Lucy says to Ethel, "I think we're fighting a losing game!"

Ethel can't say anything, because her mouth is full of chocolate. You couldn't hear her anyway, because the audience is laughing loudly at the spectacle of these women being overwhelmed by having so much chocolate in such a short span of time.

Sometimes life is like a box of chocolates, and those chocolates are flying past you faster than you can neatly wrap them for public consumption.

I want to work my best, side by side with people I am proud to call "friend," shove chocolates in my mouth, laugh with the glee of freedom, and marvel that there are so many opportunities that some slip by untouched. 

I am going to pursue what calls to me and watch the results shake out in their own good time, worry less about doing in the right order, the right time frame, or whether I get to do it all - because there are hundreds of ways to kneel and kiss the ground.

Monday, May 6, 2013

Food For Thought

I recently moved to the metro D.C. area to expand my career opportunities and work with people from all over the world. I have a home and a spouse in Pittsburgh. I am married to a massage therapist who moonlights as a professional space organizer. This is every bit as awesome as you might imagine. I live in a lovely, light filled efficiency apartment where the person who knows all my quirks and proclivities has helped me arrange all 500 square feet to meet my needs, and everything I need is only a few steps away. Which is why I was surprised this morning to see that I am still gravitating toward working on my dining room table, instead of at my desk in my home office all of twenty feet away.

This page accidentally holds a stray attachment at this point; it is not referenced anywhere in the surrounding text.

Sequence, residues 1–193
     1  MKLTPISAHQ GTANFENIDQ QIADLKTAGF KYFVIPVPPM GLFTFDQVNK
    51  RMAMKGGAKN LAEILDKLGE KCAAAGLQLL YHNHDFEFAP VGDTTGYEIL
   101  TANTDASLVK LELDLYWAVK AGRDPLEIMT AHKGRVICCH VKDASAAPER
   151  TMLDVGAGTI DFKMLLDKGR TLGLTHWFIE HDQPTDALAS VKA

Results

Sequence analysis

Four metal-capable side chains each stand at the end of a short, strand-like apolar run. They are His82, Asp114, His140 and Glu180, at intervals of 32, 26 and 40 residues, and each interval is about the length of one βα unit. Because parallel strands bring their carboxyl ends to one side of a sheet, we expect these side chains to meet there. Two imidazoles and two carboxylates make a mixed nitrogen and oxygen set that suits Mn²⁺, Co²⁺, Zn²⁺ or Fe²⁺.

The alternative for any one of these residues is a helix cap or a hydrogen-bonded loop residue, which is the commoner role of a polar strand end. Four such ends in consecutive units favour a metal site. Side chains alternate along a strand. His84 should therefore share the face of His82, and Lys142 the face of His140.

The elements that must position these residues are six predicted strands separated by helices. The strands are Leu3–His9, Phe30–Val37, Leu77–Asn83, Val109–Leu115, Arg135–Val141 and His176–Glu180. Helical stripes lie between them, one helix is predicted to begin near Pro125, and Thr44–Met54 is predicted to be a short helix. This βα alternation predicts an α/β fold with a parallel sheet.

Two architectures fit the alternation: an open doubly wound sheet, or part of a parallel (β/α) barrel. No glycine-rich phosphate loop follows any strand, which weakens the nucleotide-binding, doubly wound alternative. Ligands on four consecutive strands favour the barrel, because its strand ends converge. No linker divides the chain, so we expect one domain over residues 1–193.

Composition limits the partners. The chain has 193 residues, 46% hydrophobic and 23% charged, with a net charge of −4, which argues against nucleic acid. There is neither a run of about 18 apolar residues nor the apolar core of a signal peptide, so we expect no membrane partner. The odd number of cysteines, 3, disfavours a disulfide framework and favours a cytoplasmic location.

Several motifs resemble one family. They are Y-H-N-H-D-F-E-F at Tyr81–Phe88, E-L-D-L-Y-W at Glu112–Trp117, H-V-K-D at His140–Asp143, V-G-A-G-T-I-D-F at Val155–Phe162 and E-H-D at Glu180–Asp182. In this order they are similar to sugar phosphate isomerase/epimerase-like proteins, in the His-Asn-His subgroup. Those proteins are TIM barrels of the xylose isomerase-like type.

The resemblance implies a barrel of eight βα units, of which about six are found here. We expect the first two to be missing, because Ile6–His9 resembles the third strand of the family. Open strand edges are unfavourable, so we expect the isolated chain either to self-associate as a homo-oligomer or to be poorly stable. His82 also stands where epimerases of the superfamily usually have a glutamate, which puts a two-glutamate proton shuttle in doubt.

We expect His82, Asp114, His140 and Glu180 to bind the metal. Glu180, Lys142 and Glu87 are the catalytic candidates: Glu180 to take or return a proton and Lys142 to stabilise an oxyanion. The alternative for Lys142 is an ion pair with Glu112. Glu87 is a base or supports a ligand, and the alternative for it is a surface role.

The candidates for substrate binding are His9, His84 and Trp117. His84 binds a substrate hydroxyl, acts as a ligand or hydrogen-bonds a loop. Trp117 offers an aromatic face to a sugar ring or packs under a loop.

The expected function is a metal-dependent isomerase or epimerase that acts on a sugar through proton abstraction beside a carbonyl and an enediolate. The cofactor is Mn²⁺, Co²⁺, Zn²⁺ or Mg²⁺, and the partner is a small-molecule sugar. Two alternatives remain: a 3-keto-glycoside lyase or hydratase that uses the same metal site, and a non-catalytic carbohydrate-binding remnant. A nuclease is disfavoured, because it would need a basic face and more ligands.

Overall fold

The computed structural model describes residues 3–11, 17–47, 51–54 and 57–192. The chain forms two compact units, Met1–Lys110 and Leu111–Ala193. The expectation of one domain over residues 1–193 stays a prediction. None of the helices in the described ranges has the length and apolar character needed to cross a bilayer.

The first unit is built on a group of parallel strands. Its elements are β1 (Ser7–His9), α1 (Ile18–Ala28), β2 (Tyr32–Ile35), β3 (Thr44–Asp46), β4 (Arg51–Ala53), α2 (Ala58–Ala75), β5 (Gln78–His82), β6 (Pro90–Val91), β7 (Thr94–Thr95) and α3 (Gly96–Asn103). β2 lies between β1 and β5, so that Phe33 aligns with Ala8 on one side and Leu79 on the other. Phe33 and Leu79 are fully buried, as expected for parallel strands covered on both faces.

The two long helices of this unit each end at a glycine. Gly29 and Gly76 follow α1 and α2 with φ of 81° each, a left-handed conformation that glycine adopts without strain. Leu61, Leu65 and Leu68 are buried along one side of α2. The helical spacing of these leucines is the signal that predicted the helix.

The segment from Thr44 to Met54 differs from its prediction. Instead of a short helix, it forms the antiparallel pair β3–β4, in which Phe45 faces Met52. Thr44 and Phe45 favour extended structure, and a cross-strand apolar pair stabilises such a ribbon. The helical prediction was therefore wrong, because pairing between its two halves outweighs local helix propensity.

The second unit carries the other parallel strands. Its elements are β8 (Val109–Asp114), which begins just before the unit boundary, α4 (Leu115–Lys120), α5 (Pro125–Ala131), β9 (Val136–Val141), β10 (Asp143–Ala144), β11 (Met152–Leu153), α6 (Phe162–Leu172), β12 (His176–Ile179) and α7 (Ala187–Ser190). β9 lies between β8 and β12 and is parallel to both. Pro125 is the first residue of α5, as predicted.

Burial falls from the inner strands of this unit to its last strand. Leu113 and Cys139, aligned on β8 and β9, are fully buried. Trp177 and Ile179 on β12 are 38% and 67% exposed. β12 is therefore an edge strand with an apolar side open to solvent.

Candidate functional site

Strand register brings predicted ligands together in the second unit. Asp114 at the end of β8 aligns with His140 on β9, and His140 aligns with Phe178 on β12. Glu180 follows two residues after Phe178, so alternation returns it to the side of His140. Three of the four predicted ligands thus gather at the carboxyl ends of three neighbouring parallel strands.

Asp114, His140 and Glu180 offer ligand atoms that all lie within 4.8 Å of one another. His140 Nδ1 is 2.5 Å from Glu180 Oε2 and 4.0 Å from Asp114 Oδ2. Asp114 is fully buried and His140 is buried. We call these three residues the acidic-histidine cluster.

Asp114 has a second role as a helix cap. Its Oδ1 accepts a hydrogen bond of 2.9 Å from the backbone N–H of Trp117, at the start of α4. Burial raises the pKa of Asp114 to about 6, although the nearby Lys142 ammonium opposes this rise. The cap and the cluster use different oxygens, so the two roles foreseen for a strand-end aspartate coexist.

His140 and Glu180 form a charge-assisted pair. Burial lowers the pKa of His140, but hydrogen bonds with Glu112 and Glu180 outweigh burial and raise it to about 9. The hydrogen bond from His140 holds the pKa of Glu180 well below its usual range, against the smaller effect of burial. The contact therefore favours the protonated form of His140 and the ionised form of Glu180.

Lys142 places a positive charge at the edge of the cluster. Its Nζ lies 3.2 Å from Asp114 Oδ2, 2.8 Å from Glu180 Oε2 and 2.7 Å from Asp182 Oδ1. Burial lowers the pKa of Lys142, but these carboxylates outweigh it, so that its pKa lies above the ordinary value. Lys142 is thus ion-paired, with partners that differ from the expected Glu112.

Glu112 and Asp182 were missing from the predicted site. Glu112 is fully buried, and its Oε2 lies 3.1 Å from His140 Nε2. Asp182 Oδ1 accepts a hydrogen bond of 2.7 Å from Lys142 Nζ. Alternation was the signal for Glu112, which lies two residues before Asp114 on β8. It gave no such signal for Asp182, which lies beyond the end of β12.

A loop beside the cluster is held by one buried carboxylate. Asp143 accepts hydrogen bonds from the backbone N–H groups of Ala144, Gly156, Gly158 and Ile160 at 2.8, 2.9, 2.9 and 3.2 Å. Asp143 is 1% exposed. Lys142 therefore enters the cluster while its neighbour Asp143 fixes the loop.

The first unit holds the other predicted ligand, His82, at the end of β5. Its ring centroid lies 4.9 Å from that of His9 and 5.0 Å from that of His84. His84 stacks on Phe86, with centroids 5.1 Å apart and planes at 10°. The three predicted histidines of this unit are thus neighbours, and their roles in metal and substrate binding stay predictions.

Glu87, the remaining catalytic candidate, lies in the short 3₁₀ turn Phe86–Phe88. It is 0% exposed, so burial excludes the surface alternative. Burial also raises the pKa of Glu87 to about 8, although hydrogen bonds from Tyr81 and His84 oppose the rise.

I sat down to the dining room table with my morning cup of coffee and put pen to a remnant of white packing paper that had been wrapped around some new purchase for the apartment. My day and week unfurled across one side of the sheet and then over to the other. People, places, tasks; part idea parking lot, part compilation of to-do lists. I took a couple of phone calls, scheduled a lunch date, and noticed that my desk was a repository for papers and a holder of pens, but the real work was getting done at the dining room table, the space in which so many endeavors - breakfast, lunch, and dinner - come to fruition to be savored sometimes alone, but more memorably with friends and family.

I think it is those memories that season the space of the dining room table. With memories of friends and family I feel fortified even after hours with my head bowed low and fingers flying or faltering over the keyboard. The jar of oatmeal bars and the bowl of fruit within arms' reach don't hurt either. Journeys of the mind are made solo, whether inward for writing or outward for job hunting, bill paying, or into the treacherous waters of requesting customer service. I take heart beginning and ending each journey at the place where memories of my kindred spirits will find me, in time for dinner.